Grandpa Victor and his Father Otto
I don't remember my grandfather very well. He passed away when I was just six. I have just a few memories of places we went and things we did together, like a summer picnic at state park, an outing to a backwoods pond, or reading a book on camping on the floor as he sat in his easy chair and read whatever adults read. He left a strong impression however, as a serious man. I got the same impression from my Great Uncle Harold sometimes, too.
Grandpa was my Great-Grandpa Otto's second child. Grandpa's half brother Carl Waldemar was born back in Sweden from Otto's first marriage with Christina Nilsdotter. Christina died at just 28 when Carl was just three years old. I wish I could find out more about where Carl ended up, but I haven't turned up anything. Otto first appears in America in 1883, at age 37, so it is possible that Carl made his life in Sweden or travelled with Otto and parted ways when the reached the New World. Otto was naturalized in Boston in 1892.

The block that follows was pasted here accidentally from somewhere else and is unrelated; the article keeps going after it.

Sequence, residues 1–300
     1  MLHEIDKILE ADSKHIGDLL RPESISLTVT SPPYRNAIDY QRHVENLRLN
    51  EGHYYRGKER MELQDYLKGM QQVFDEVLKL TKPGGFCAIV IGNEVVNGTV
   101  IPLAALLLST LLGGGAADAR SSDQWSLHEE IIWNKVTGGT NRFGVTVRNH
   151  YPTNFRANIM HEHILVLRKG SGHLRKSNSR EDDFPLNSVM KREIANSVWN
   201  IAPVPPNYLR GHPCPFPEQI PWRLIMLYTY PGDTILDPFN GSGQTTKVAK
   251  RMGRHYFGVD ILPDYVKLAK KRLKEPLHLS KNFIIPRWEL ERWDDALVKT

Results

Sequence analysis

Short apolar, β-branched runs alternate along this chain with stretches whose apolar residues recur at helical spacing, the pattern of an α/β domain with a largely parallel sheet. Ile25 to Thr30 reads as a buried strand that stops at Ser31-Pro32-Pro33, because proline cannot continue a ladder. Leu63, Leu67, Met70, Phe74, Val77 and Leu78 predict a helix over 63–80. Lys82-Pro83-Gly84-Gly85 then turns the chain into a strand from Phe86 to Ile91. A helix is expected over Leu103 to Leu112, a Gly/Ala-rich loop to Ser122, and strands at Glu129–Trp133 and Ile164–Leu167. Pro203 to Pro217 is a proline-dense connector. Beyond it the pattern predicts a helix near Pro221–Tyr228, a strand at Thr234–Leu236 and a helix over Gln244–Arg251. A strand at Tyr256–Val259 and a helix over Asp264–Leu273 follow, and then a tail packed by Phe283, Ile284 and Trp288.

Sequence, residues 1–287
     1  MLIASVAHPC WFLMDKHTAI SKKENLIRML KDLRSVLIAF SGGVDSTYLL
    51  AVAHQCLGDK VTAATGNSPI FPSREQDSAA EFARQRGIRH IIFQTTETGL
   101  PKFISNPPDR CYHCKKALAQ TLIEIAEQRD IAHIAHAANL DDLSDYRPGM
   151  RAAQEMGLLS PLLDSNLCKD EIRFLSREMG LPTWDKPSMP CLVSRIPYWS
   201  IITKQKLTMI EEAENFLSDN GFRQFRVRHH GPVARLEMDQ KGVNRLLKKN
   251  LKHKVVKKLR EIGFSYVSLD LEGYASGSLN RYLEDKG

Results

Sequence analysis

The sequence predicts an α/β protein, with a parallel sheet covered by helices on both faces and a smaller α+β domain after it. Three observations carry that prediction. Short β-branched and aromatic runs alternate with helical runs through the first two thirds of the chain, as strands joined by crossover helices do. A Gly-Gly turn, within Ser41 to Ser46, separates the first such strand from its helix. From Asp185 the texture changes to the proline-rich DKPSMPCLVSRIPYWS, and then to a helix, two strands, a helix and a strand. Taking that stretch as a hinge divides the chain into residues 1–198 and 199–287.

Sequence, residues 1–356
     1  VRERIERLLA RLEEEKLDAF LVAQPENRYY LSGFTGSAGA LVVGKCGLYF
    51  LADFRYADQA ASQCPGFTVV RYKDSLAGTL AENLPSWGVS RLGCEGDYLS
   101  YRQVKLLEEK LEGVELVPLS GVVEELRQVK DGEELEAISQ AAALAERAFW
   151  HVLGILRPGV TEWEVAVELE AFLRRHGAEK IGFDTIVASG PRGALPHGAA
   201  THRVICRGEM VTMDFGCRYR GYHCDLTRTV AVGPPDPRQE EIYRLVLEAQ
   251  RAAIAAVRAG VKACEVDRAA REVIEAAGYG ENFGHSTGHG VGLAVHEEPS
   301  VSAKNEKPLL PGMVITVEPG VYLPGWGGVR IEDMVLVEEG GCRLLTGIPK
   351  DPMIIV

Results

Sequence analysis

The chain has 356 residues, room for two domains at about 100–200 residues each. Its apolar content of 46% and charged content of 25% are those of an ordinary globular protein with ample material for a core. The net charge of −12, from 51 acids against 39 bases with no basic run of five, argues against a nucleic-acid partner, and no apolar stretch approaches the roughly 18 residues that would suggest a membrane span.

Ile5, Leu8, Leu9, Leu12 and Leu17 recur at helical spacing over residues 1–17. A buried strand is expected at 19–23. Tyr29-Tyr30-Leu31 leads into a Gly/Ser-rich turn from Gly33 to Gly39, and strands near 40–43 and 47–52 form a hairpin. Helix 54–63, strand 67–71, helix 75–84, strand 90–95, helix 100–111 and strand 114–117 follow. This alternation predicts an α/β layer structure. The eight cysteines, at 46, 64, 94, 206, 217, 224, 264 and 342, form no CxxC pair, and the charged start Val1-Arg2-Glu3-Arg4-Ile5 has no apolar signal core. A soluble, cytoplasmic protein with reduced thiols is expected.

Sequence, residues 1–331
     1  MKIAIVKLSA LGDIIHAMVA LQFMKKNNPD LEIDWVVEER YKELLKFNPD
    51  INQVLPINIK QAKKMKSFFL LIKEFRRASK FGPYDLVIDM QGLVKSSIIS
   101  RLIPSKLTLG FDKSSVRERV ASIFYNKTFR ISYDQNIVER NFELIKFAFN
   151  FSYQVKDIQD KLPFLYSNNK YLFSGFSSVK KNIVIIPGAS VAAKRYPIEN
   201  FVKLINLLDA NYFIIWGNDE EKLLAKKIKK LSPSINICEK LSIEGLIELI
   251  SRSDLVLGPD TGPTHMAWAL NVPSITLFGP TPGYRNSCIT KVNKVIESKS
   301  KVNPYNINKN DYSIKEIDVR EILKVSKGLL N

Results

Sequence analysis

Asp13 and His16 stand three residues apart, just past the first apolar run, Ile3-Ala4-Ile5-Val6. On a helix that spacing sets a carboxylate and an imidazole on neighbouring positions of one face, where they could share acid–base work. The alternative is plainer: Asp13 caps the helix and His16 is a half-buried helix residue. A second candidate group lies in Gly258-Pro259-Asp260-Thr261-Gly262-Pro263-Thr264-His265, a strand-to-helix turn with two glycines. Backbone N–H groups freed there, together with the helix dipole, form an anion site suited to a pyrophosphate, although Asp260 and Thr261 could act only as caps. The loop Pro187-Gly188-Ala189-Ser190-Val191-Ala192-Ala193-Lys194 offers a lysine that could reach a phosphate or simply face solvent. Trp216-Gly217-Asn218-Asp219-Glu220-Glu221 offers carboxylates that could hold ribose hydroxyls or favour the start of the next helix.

He is described in city directories as a wood worker. This is logical because Otto's home town region outside of Göteborg called Skallsjö had factories probably not unlike mill towns in New England. Today, the house where Otto boarded might be the landmark E.R. Luke building at 135 Main Street on the campus of Massachusetts Institute of Technology. City directories show that he lived and worked in several places over the years and I was surprised to find that he shared an abode at least once with a Victor E. Larsson! But it is not his son, but his younger brother (and son's namesake), also a woodworker.
Otto married a Swedish born immigrant named Hannah Johanson or Manson. It was her second marriage, but there are few other facts to be found about her. Her parents are recorded as Charles and Christina Laundstrone.
Otto passed away of chronic endocarditis in December of 1912 in Boston, Massachusetts, when his son Victor was 18.